Kirakowski, J., Corbett, M.: SUMI: The Software Usability Measurement Inventory. British Journal of Educational Technology 24(3), 210 (1993)CrossRefGoogle Scholar
  9. 9.
    Kotler, P.: Atmospherics as a marketing tool. Journal of Retailing 49, 48–64 (1974)Google Scholar
  10. 10.
    Linda, G., Oliver, R.L.: Multiple brand analysis of expectation and disconfirmation effects on satisfaction. Paper presented at the 87th Annual Convention of the American Psychological Association (1979)Google Scholar
  11. 11.
    Mayer, J.D., Gaschke, Y.N.: The experience and meta-experience of Mood. Journal of Personality and Social Psychology 55(1), 102–111 (1988)CrossRefGoogle Scholar
  12. 12.
    Mehrabian, A., Russell, J.A.: An approach to environmental psychology. MIT Press, Cambridge (1974)Google Scholar
  13. 13.
    Meiselman, H.L.: The contextual basis for food acceptance, food choice and food intake: The food, the situation and the individual. In: Meiselman, H.L., MacFie, H.J.H. (eds.) Food choice acceptance and consumption, pp. 139–263. Blackie Academic and Professional, Glasgow (1996)Google Scholar
  14. 14.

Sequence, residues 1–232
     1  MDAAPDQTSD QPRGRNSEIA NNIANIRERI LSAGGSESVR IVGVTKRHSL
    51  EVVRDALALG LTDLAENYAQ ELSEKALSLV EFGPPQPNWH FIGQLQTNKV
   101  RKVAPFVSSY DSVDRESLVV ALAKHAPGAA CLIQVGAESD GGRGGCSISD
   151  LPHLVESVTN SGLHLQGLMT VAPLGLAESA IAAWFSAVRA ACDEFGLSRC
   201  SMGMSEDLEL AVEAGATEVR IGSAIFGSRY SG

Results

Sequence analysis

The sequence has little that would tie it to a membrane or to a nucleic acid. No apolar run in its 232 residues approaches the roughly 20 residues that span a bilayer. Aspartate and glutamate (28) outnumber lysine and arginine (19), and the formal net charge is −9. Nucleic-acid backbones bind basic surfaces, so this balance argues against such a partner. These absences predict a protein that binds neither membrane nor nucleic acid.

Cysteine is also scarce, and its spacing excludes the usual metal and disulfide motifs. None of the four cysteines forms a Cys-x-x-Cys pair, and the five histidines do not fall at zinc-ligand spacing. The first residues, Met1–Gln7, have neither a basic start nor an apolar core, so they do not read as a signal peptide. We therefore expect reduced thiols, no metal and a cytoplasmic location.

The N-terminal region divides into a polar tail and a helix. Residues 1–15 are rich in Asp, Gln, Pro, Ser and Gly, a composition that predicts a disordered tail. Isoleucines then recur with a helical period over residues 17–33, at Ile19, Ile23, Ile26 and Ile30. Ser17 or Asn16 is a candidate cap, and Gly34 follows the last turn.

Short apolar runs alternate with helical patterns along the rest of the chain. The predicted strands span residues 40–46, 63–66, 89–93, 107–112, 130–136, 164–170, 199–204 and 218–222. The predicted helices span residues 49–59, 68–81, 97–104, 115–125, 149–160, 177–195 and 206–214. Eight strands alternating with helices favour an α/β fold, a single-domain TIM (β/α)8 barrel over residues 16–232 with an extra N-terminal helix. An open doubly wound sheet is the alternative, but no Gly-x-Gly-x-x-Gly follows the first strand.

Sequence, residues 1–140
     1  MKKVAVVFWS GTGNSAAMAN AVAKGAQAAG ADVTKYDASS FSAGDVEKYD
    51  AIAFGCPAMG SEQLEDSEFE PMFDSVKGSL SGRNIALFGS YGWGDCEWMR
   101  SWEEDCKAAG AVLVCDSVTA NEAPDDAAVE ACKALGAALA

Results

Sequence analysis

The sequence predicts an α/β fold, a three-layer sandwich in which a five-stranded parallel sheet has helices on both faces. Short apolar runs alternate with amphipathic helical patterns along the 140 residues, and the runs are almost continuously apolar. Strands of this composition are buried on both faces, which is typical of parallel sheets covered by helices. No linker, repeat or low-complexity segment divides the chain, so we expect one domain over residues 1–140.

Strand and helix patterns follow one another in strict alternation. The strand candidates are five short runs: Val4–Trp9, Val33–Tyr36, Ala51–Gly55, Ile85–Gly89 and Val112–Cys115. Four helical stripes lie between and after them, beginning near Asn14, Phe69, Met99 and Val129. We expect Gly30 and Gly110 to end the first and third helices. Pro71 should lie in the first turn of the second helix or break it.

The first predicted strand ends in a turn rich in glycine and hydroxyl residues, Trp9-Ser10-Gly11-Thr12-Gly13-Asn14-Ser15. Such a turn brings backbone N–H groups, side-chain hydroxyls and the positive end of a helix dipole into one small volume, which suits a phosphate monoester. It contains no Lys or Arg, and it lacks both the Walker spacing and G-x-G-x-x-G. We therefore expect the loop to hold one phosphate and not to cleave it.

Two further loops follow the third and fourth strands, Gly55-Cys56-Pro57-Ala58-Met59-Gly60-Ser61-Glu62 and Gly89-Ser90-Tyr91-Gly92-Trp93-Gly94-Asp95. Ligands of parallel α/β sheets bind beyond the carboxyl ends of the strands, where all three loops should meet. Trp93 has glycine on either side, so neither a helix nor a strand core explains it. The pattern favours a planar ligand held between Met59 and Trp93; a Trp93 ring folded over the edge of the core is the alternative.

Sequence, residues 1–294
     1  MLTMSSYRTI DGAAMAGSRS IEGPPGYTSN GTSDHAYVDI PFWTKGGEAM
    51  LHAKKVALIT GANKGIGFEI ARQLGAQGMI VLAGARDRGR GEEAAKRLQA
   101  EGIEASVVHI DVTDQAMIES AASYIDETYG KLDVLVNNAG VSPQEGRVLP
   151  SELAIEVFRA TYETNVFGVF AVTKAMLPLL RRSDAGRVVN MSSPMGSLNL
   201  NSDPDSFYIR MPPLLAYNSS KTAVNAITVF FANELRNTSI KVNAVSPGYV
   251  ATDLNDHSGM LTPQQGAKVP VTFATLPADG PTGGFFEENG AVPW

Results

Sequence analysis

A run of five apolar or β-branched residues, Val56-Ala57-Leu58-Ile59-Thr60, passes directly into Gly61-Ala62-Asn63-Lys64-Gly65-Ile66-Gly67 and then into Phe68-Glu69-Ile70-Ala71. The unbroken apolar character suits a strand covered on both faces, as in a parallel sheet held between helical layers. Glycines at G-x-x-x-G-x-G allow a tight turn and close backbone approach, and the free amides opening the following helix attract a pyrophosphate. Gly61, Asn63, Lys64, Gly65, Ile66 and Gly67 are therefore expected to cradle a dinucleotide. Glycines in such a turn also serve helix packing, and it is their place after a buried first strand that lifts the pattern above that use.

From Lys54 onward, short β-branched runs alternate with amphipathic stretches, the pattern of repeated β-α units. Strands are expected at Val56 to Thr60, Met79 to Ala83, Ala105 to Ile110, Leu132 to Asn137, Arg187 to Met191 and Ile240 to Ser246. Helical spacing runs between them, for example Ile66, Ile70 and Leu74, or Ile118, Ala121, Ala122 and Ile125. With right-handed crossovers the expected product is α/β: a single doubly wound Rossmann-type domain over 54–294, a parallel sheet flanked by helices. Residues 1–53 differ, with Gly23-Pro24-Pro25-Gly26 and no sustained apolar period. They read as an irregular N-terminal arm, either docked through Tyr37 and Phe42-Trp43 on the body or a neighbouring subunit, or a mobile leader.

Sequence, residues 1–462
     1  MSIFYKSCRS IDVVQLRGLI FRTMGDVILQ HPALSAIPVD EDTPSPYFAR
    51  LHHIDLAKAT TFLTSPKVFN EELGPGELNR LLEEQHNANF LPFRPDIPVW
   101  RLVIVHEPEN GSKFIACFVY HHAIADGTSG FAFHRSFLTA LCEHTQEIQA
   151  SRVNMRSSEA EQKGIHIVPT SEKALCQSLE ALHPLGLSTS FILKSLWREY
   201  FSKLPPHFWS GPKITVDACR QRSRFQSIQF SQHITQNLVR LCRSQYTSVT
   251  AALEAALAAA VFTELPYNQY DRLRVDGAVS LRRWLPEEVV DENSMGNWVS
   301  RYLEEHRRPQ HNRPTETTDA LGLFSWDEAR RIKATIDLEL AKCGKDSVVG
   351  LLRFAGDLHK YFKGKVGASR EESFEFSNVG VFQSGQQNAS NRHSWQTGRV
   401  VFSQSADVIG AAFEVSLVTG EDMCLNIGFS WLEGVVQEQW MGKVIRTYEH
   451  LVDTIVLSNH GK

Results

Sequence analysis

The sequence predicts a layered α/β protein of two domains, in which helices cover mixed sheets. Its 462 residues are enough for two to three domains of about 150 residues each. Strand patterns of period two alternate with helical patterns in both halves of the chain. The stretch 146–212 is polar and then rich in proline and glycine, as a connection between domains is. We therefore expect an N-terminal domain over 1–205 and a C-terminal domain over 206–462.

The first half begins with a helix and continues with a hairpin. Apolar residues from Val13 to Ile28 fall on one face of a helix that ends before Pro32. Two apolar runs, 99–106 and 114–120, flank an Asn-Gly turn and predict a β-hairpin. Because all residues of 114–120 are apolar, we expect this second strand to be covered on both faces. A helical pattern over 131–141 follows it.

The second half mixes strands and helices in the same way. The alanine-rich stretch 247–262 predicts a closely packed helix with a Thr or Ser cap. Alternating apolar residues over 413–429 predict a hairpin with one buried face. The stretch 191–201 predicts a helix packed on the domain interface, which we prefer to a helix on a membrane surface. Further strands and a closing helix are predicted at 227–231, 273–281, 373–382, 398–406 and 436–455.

Nieuwenhuizen, K.: First Investigation of the Potential Halo Effect of High-End Usability Laboratories on User Evaluation Questionnaires, Stan Ackermans Institute, USI programme, graduation thesis, Eindhoven University of Technology, The Netherlands (2006)Google Scholar
  15. 15.
    Oliver, R.L.: Effect of expectation and disconfirmation on postexposure product evaluations: An alternative interpretation. Journal of Applied Psychology 62, 480–486 (1977)CrossRefGoogle Scholar
  16. 16.
    Petit, C., Sieffermann, J.M.: Testing consumer preferences for iced-coffee: Does the drinking environment have any influence? Food Quality and Preference 18, 161–172 (2007)CrossRefGoogle Scholar
  17. 17.
    Rubio, S., Díaz, E., Martín, J., Puente, J.M.: Evaluation of subjective mental workload: A comparison of SWAT, NASA-TLX, and workload profile methods. Applied Psychology: An international review 53(1), 61–86 (2004)CrossRefGoogle Scholar
  18. 18.
    Russel, S., Cousins, S.B.: IBM Almaden’s User Sciences & Experience Research Lab. In: Proceedings of the ACM Conference on Human Factors of Computer Systems, Vienna, Austria, April 24-29, pp. 1079–1080 (2004)Google Scholar
  19. 19.
    Swan, J.E., Trawick, I.F.: Consumer satisfaction with a retail store related to the fulfillment of expectations on an initial shopping trip. In: Day, R.L. (ed.) Consumer Satisfaction, Dissatisfaction and Complaining Behavior. School of Business, Indiana University, Bloomington (1980)Google Scholar
  20. 20.
    Westbrook, R.A.: Intrapersonal affective influences upon consumer satisfaction. Journal of Consumer Research 7, 49–54 (1980)CrossRefGoogle Scholar

Copyright information

© Springer-Verlag Berlin Heidelberg 2009

Authors and Affiliations

  • Boris de Ruyter
    • 1
  • Rick van Geel
    • 2
  • Panos Markopoulos
    • 3
  1. 1.Philips Research Europe, HTC34EindhovenThe Netherlands
  2. 2.University of TilburgThe Netherlands
  3. 3.Eindhoven UniversityEindhovenThe Netherlands

Personalised recommendations